In 1999, Rabiu Musa Kwankwaso became governor of Kano State on the platform of the Peoples Democratic Party (PDP). His deputy was Abdullahi Ganduje, a man who contested against him in the PDP primary but was later selected as running mate. Four years later, the two men were kicked out of office by the All Nigeria People’s Party (ANPP) and its candidate Ibrahim Shekarau.
In the intervening eight years from 2003 to 2011, Kwankwaso and Ganduje worked together in several roles including in the federal cabinet of Olusegun Obasanjo where Kwankwaso served as defence minister with Ganduje as his special adviser.
Then in 2011, Kwankwaso and Ganduje were elected as governor and deputy governor of Kano once again, becoming the first and only governorship team to successfully return to office after losing an election.
In between 2011 and 2015, Kwankwaso defected from the PDP to the APC and as usual Ganduje was right there with him.
By the time of the 2015 general election, Ganduje was endorsed by Kwankwaso to succeed him as governor. He was the only deputy to be so endorsed by his boss in the country. He won the election while Kwankwaso became senator.
Within months however, the relationship between the two men broke down.
Now, the incumbent has threatened to probe the administration of his predecessor, the same government in which he was a crucial part of and whose achievements he told the people of Kano that he desired to continue.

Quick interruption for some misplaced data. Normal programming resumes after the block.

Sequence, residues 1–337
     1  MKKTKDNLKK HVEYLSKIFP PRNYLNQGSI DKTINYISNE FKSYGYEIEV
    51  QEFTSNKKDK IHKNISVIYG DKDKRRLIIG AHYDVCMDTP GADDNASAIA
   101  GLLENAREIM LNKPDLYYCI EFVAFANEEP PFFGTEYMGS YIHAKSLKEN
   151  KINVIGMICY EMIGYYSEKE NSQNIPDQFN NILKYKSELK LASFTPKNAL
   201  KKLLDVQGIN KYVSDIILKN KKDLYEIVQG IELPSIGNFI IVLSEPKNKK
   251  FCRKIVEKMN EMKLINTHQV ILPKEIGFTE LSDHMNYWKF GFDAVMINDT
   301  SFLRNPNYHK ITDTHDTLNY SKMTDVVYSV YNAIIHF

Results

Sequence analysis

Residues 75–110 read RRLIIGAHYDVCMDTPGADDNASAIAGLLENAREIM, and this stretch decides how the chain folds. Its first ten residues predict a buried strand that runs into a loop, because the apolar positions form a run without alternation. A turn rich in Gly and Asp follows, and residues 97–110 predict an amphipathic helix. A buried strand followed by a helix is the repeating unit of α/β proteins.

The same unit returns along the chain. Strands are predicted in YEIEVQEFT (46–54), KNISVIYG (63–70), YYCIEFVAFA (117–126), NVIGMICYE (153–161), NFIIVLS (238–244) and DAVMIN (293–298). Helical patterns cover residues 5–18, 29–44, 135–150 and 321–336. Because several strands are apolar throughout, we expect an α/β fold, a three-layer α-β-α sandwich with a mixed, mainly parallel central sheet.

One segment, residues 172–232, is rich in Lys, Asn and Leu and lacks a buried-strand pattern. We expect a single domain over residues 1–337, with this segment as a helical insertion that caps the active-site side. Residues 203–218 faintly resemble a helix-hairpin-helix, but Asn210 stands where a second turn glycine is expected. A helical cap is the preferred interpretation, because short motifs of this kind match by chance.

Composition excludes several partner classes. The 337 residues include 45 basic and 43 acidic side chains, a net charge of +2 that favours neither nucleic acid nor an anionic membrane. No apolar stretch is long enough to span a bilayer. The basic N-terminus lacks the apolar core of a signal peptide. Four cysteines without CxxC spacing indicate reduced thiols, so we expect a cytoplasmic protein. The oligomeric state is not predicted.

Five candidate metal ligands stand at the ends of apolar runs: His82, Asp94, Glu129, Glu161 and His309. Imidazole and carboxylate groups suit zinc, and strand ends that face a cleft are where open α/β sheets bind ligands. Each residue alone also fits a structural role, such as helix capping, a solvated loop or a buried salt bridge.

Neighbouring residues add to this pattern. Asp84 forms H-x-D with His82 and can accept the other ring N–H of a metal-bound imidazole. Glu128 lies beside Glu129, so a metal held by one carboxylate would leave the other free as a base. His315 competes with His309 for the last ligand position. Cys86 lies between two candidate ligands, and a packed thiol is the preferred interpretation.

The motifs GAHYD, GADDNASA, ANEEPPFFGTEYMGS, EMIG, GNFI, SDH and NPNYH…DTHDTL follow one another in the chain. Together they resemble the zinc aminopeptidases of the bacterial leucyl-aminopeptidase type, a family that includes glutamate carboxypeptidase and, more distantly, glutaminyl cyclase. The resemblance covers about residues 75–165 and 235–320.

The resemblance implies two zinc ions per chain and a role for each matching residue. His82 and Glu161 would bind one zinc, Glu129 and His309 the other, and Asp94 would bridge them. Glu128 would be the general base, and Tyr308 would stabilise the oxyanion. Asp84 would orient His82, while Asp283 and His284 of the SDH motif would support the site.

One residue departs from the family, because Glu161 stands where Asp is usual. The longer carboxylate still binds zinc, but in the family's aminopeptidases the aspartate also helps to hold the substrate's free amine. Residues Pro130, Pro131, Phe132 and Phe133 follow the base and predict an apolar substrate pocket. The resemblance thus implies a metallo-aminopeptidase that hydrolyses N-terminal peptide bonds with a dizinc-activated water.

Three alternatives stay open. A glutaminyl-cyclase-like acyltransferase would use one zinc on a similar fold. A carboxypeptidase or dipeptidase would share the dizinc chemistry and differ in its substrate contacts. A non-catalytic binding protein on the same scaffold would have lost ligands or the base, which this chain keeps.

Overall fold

Speaking through the state Commissioner for Information and Culture, Alhaji Muhammad Garba, the government said Ex-Gov. Kwankwaso’s penchant for peddling unsubstantiated allegations may force them to probe him.
“This deliberate distortion of facts and spreading of falsehood is capable of provoking the government to drop its non-confrontational stance and institute commission of inquiry to probe the previous administration particularly on illegal land deals, education and infrastructure,” the commissioner said.
The government was reacting to a 48-hour ultimatum issued by the Kwankwasiyya movement, loyal to the former governor, asking Governor Ganduje to drop his red cap or face a lawsuit.
The commissioner described the ultimatum as “the most laughable, pathetic, clear indication of their ignorance of the law and history of political struggle in Kano.”
“They should have known that red cap was introduced by the late Aminu Kano and popularised by him, his followers and disciples for which Governor Ganduje was among.
“He was also at the forefront of its re-introduction during the second tenure of Kwankwaso in 2011. Who then could better claim the red cap doctrine?”
The statement noted that “this unfortunate behaviour lacking in any tint of civility, decency and responsible politicking that has become the hallmark of top echelons of the Kwankwasiyya movement is, to say the least, laughable, pathetic, pitiful and desperate attempt to misguide the public and bring the administration of Ganduje and his personality to disrepute.”